With CES 2017 going strong this week, we're taking a look at some of the tech trends that are evident at the show so far. There are lots of things going on at CES, but these are some of the big, overriding trends that look to have the ability to impact the market, both now and in the future.
(Note: Much love to the great people at The Verge for the incredible reporting at CES this week. We've linked to many of their articles here and suggest you check out their great site on your own, too.)
Trend #1 - Self-driving cars and the tech that drives them (no pun intended)
Auto manufacturers and chipmakers seem to have caught on to what Tesla, Google, and, if rumors are to be believed, Apple, seem to have known for some time now - that self-driving cars are the future. It seems like everyone in the industry is racing (again, no pun intended) towards developing their own autonomous tech - in order to both be the first to market and the market leader.
Chipmakers like Nvidia, Intel, and Mobileye are staking their claims to be the brains behind self-driving cars. And for good reason - with market saturation occurring in the mobile and desktop markets, getting a lot of expensive, complex chips and technology into every new car on the road in the next few years is the picture definition of creating new market opportunities. And Nvidia and Intel both have a lot to gain since their current fortunes are tied to the ever-declining desktop computing market. So witness their partnerships with everyone from Audi and BMW to traditional automotive suppliers like Bosch. Intel is even taking it a step further by investing in their own mapping technology for self-driving cars.
Not to be outdone, the traditional auto manufacturers seem to be, at long last, waking up to the need for both self-driving tech and for electric cars in general. Ford announced a surprisingly robust roadmap of electric and hybrid vehicles along with an autonomous version of its Fusion car. Chrysler and Toyota both rolled out wacky looking concept cars that will probably never be produced (although that Chrysler Portal minivan concept is probably about as cool as you’d ever be able to make a minivan). And Hyundai is pretty clearly targeting the lower end of the market with it’s Ioniq hatchback, which, thanks to “cheaper sensors and less computing power,” should make going driverless more affordable according to the company (although, personally, I’m not really sure if we’re already at the “cheaper and less powerful” stage where self-driving cars are involved). And Hyundai also managed to go straight off the deep end with a completely bonkers “Mobility Vision” concept of the smart home of the future paired with an autonomous vehicle that somehow becomes a part of your house. Make sure to check out the link, below, as it has to be seen to be believed.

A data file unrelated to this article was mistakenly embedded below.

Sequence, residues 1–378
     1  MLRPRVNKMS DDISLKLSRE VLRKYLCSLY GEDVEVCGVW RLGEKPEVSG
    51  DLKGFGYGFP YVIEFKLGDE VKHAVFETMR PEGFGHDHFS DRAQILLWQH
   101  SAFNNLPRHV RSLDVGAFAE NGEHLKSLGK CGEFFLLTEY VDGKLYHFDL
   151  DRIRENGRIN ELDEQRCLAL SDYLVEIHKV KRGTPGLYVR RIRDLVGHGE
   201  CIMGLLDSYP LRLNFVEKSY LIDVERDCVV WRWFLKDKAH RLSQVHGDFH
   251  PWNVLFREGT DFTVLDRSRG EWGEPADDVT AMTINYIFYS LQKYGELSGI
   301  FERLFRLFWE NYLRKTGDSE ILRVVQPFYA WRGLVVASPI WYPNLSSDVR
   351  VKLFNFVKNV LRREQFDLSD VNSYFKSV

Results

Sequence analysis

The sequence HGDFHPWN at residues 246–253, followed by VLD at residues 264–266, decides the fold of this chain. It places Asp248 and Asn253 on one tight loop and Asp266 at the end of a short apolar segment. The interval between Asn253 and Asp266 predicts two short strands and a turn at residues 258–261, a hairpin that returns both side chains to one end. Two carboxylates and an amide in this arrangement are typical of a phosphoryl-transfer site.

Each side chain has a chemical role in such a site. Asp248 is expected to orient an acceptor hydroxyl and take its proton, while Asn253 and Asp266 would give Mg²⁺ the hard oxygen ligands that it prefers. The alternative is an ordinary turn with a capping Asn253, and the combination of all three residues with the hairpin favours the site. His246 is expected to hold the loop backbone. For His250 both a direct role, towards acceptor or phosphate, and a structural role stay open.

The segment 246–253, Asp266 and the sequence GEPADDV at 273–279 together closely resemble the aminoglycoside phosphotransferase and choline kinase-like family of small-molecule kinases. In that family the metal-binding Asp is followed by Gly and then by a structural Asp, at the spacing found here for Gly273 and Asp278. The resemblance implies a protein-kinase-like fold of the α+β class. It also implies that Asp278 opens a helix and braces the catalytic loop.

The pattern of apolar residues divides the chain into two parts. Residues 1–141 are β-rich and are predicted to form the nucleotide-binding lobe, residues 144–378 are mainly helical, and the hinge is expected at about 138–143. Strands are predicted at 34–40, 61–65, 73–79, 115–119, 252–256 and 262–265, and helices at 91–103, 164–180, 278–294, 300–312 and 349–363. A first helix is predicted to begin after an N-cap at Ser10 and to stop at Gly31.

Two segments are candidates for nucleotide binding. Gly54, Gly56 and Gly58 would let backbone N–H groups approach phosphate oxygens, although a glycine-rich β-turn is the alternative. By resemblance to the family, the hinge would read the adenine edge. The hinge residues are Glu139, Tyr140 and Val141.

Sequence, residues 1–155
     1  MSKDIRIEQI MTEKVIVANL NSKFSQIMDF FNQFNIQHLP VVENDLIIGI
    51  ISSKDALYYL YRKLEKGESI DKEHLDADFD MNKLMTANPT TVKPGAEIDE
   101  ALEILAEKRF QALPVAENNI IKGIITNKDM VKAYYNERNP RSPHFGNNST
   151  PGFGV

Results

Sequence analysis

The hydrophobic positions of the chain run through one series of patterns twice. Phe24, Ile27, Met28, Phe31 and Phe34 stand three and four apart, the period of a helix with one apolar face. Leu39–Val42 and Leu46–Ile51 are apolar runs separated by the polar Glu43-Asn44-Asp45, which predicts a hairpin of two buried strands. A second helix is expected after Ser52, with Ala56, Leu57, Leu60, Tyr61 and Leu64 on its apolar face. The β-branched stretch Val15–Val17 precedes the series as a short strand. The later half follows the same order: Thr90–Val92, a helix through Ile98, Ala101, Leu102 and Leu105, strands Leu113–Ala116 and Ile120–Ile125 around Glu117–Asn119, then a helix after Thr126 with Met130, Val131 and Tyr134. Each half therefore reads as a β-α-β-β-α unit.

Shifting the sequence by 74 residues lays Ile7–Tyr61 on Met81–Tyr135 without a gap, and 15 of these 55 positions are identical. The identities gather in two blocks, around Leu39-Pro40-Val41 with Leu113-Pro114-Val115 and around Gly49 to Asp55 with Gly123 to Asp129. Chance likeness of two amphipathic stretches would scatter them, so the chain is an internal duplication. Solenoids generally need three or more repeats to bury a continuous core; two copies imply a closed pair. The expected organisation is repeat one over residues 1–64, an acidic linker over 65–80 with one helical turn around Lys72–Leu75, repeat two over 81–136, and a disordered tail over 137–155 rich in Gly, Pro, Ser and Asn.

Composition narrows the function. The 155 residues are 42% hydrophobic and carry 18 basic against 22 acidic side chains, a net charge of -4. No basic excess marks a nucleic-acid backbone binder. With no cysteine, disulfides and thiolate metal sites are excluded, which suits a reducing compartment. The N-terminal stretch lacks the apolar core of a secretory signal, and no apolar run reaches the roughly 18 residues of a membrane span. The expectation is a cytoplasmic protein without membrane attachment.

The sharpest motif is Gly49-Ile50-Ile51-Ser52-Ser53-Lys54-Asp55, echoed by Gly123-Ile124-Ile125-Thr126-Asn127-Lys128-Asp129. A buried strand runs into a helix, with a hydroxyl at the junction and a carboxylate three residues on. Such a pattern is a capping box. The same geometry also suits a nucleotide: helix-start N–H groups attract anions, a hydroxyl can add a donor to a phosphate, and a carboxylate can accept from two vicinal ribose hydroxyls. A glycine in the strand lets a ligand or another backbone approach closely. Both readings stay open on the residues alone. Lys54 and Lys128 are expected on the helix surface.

Not surprisingly, the wireless carriers want a piece of the action as well since adding every single car on the road to the cellular networks should ensure a profitable new revenue stream for, well, probably as long as there continue to be cars on the road. AT&T, in particular, has decided to get out in front of the pack by partnering with the American Center for Mobility to “provide exclusive network resources needed to advance driverless technologies.”
And last but certainly not least, long-in-gestation electric car startup Faraday Future (FF) took the wraps off their long-teased autonomous electric car, the oddly named FF91 (nine-one). The introduction presentation was apparently both weird and quite glitchy (the car refused to move for a self-parking demo, for example), but the specifications for the car are so insane as to be practically unbelievable. 130kWh batter, 378 miles of range, 1,050 horsepower, 0-60 in 2.39 seconds, full self-driving ability, facial recognition with self-opening doors in place of door handles, and so on. The downsides? Well, it’s pretty damn ugly (in my personal estimation) for one, and Faraday Future seems to be teetering on the edge of oblivion if the news of financial difficulties and recent executive turnover is accurate. I guess we’ll find out in 2018 when the FF91 supposedly goes into production for some yet to be announced (but surely insanely expensive) pricetag.
Next up, we'll tackle the Internet of Things and "smart" devices.